With rise of digital transformation and integrated enterprise architectures, time and money spent on integrating APIs can easily spiral during software development. Adoption of the Internet of Things across industries and businesses is increasing this burden, particularly as the architecture evolves over the extended period covered by a subscription contract. Furthermore, the task of supporting all these different versions into the future becomes an onerous task, with the potential of making the software programme’s business model untenable.
As a result, SaaS companies are challenged with finding new ways to make their product ‘stickier’ with customers, decreasing customer churn and securing more revenue over the lifetime of a subscription. The key to achieving this stickiness lies in increasing the availability – and reducing the burden – of integration.
A change in market economics
The 2019 Okta report confirms that companies are increasingly selecting technologies that ‘prioritise interoperability, automation and offer a broad range of functionality’ and, coupled with a growing trend towards SaaS applications adoption worldwide, ISVs are expected to make sure their product not only works in itself, but also gets on well with other applications – from mainstream to niche – to create a fully interoperable platform.
When this is the case for each and every customer, the software vendor may find itself facing a series of decisions that have significant commercial impact. Which customers will they market the product towards – a few big customers or many smaller companies? How will they allocate limited time and resources across the development, integration and maintenance of the software? Would they be better working on meeting the ‘interoperability’ needs of a range of customers or focus efforts on developing their standalone core product?
For the ISV, it can turn into a lose-lose situation, resulting in either disappointing existing customers or spending time on these customers’ demands at the expense of acquiring new ones and improving the core product.
Allowing software developers to focus on their primary skill set by employing specialist integrators is certainly an option, but it adds an expensive and time-consuming layer to the process of software development. On the other hand, embedding integration at the core of the product has the potential to raise the value of the software to enterprise customers and be reflected in the price that they are willing to pay.
The knock-on impact on commercial viability of the software after all of this is taken into account can affect how – or even whether – the product is brought to market, and further influence which customers are targeted for sales.
Future-proofing software development
An integration platform as a service (iPaaS) allows software vendors to turn the situation to their advantage, improving both the product offering and its value in the market. By building universal integration capability into their own application, ISVs can offer a new kind of one-size fits all model for the subscription economy. At the same time, without the need to employ specialist integration capabilities within their business, the software vendors can save on development costs and still deliver the most comprehensive, premium value product possible.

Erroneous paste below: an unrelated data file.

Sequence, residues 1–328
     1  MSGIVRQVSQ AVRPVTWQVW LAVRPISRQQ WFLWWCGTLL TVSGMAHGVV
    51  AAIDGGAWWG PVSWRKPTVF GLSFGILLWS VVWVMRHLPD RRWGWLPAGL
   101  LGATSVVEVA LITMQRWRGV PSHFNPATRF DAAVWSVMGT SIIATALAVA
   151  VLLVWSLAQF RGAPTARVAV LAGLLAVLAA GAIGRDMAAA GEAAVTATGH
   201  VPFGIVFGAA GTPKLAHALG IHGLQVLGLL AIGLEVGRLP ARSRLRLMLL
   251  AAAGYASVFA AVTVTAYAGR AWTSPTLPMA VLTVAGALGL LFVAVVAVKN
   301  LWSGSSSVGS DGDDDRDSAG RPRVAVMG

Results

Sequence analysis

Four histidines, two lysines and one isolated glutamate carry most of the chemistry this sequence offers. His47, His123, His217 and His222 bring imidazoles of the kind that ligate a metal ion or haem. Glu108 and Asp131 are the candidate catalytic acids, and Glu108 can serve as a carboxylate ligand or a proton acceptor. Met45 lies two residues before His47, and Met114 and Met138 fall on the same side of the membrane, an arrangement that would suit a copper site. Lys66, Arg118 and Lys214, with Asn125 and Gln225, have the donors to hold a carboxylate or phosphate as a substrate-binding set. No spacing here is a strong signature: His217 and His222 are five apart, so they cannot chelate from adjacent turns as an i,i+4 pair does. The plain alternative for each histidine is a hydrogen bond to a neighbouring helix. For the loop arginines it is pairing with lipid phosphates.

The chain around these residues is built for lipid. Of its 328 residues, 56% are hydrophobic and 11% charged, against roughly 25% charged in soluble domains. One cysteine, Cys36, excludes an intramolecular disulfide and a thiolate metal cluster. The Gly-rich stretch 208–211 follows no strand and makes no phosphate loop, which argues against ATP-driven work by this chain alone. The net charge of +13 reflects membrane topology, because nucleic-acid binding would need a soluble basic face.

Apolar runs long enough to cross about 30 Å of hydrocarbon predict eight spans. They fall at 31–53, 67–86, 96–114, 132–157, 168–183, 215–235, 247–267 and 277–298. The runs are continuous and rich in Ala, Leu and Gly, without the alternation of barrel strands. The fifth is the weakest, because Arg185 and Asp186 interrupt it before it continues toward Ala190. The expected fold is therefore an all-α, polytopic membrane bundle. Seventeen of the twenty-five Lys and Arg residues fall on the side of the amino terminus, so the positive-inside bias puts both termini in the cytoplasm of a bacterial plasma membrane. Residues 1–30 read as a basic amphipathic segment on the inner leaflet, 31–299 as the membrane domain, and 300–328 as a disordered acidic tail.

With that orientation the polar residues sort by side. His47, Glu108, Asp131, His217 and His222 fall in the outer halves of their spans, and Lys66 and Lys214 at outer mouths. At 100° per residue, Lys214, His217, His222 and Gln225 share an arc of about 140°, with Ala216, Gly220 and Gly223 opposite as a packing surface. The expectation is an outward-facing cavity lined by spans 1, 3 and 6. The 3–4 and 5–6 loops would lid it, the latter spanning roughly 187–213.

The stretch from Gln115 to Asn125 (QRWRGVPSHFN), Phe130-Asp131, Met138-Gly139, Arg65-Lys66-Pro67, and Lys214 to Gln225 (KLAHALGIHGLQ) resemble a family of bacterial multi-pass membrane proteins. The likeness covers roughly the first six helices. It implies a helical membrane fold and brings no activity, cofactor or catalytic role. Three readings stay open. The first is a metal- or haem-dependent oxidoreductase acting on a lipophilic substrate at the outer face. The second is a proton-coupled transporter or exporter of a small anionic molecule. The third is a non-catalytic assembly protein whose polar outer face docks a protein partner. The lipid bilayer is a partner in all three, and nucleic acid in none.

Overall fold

Software developers can integrate a white-labelled iPaaS solution into their own software that provides complete interoperability with any existing architecture, as well as any applications that may be added in the future. In this way, ISVs can focus on what they do best and spend less time on the maintenance and integration of an increasingly complex portfolio of customers.
Digital transformation and the Internet of Things are creating a host of new opportunities for businesses that are looking ahead, and many want to keep their technology as agile as possible. For example, the current trend towards adopting a hybrid cloud strategy that deploys applications across on-premises systems, private and public cloud environments. Software vendors can help organisations to reduce cost and complexity for their customers by providing applications where interoperability is built-in as standard.
Continuing with the hybrid cloud example, investing ahead in new technology trends in an effort to future-proof the enterprise architecture can be a risky business, but software vendors can help to mitigate at least a part of the risk. ISVs providing solutions that have full integration capabilities at their core will offer time and cost of deployment advantages over competing solutions that require manual coding to work in harmony with their neighbouring apps.
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A sticky solution
In short, software solutions with iPaaS built-in can offer greater stickiness by ensuring customers that their software solution is fully interoperable across a broad range of functionalities and technologies. New software can be easily integrated with existing solutions, enabling the customer to continue growing and developing an architecture around existing technologies without re-investment on integration with software they already own.
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Renat Zubairov, CEO and co-founder, elastic.io (opens in new tab)